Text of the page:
Dirt bikes have provision for a single-rider only. If you are planning to take your young one on a bike ride, then using an ATV over a dirt bike is recommended. Opt for ATVs that have provision for carrying passengers when you are taking your kid along.

ATVs Cost More Than Dirt Bikes

If one were to avert one’s eyes from the safety perspective for a moment and only consider the cost of the vehicle, then perhaps the dirt bike will come across as the winner. For the sake of comparison, you can look at the chart below:

MakeATV CostDirt Bike Cost
Mid-Grade Honda$7,300$4,500
Mid-Grade Suzuki$8,500$7,700
Old Mid-Grade Honda$4,700$3,000

However, it is important to note that the severity of the injury, should any occur, is likely to be far more for a dirt bike than for an ATV. So, pinching pennies when purchasing a bike may not always translate to savings in the longer run.

Conclusion

If your kid is just beginning to learn quad biking and intends to go out on leisurely rides or use it more as a functional machine, then opting for an ATV makes more sense. On the other hand, if you are looking for something that is easier to haul and ride and relatively more lightweight, then the dirt bike is a better option for your kid.

It is important to remember that no matter what you choose for your kid, you will have to ensure that all proper safety measures are taken at all times in order to avoid any mishap and make the experience more enjoyable. 

2 Stroke Dirt Bike Maintenance: A Complete Guide

2-stroke dirt bikes are amazing machines with a power band all their own making for a very unique riding experience. 2-strokes are said to be somewhat maintenance free but that doesn’t mean that you can just keep getting on and riding without ever giving it any love.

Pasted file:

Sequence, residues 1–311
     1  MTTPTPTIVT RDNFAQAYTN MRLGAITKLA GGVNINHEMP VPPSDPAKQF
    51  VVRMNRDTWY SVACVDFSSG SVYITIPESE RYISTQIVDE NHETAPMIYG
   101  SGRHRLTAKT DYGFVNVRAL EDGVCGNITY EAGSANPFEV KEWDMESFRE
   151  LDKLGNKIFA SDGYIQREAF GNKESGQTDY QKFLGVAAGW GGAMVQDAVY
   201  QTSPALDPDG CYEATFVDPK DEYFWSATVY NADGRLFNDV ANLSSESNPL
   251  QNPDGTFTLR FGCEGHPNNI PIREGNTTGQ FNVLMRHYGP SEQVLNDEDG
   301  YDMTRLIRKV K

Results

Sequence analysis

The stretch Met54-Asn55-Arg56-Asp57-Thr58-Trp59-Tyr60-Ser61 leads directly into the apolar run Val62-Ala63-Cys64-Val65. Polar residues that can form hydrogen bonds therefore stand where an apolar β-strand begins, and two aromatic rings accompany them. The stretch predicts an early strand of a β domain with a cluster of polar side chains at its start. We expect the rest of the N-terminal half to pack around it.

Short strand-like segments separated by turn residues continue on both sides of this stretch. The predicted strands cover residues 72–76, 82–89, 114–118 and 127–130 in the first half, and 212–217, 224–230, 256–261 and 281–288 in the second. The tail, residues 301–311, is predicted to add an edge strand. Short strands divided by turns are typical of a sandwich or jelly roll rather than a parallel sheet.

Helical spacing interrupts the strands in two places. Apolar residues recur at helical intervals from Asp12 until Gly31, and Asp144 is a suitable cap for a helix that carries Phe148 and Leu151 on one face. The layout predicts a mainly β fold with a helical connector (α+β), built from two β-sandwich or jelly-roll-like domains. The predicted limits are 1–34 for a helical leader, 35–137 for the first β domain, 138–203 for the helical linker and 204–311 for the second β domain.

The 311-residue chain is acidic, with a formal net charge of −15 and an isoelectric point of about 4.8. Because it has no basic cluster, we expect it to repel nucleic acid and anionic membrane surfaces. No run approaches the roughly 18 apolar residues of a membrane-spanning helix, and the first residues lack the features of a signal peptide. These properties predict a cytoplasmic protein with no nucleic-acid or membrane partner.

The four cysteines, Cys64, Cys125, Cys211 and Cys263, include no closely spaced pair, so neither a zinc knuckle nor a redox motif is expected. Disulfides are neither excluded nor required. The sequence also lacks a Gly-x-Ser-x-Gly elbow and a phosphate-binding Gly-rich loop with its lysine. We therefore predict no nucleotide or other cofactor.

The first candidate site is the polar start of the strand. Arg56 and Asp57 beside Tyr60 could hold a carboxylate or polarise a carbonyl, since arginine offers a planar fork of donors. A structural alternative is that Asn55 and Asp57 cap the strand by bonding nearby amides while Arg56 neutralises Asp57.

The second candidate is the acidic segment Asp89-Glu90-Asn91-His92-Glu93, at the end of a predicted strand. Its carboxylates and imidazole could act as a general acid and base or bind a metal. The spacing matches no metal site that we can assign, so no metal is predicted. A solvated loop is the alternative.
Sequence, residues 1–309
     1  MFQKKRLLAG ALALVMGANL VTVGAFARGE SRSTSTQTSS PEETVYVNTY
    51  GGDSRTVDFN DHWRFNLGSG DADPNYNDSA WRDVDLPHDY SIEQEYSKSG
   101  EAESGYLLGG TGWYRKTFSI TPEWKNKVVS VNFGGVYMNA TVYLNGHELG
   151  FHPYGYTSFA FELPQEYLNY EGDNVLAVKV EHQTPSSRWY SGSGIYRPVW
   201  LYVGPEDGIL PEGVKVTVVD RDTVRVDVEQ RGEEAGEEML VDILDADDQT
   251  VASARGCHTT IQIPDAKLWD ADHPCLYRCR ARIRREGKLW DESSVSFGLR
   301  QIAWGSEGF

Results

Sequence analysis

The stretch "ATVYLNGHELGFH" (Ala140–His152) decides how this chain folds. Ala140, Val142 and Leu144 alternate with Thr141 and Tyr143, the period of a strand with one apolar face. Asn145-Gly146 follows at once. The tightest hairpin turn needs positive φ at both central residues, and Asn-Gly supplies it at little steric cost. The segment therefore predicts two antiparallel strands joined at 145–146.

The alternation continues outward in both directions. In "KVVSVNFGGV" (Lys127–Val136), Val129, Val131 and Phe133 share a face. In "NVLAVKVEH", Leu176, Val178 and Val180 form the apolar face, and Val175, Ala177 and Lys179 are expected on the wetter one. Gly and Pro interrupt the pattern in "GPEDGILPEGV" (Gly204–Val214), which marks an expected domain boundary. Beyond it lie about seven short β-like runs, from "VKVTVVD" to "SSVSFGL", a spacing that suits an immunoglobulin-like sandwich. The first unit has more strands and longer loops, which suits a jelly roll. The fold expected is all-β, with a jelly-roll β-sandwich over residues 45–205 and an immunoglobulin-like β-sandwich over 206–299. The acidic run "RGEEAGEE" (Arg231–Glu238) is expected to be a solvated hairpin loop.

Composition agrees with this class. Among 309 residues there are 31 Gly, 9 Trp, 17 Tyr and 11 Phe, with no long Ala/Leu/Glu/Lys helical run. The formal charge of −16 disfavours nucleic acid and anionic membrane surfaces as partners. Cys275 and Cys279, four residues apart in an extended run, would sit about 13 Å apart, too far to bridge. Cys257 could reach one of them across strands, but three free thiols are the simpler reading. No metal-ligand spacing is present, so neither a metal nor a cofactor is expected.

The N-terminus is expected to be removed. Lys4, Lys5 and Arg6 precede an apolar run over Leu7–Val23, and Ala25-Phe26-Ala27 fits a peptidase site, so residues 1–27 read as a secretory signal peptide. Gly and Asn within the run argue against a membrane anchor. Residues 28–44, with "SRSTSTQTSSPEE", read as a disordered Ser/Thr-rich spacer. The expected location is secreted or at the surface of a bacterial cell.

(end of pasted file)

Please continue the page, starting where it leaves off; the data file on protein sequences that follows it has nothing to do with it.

2-stroke dirt bike maintenance involves cleaning the air filter, checking the oil, maintaining the carburetor, cleaning and lubricating the cables, chain, and sprocket, and keeping everything clean and free of mud and dirt after every ride.

Read on to learn more about how a 2-stroke dirt bike works, signs that you may be neglecting maintenance, and some essential maintenance tips to ensure everything is working properly and you get to ride and enjoy your bike.

How Does a 2-Stroke Dirt Bike Work?

A 2-stroke dirt bike engine fires and produces power, once for each revolution of the crankshaft. Every time the piston goes up, it’s filled with a balanced combination of petrol and oil. That combination is compressed, and the spark plug ignites it, which results in an explosion. That action forces the piston to go back down, and the process repeats itself. 

What Is the Difference Between a 2-Stroke and a 4-Stroke?

The difference between these two engines is the combustion cycle process depends on the frequency the piston moves up and down during every cycle. 

For a 2-stroke engine, the whole combustion cycle requires one piston stroke to be completed. There is a compression stroke and an explosion of the compressed fuel. The return stroke means the exhaust is let out, which allows fresh fuel mixture to get into the cylinder. The spark plugs will fire every single revolution, and this produces power once every two strokes of the piston.

What’s more, you need oil to be pre-mixed in with the fuel with 2-stroke engines.

However, for a 4-stroke engine, the piston completes two strokes during each revolution. That involves one exhaust stroke and one compression stroke. They are each followed by a return stroke. The spark plugs fire once every other revolution, and this produces power every four strokes of the piston.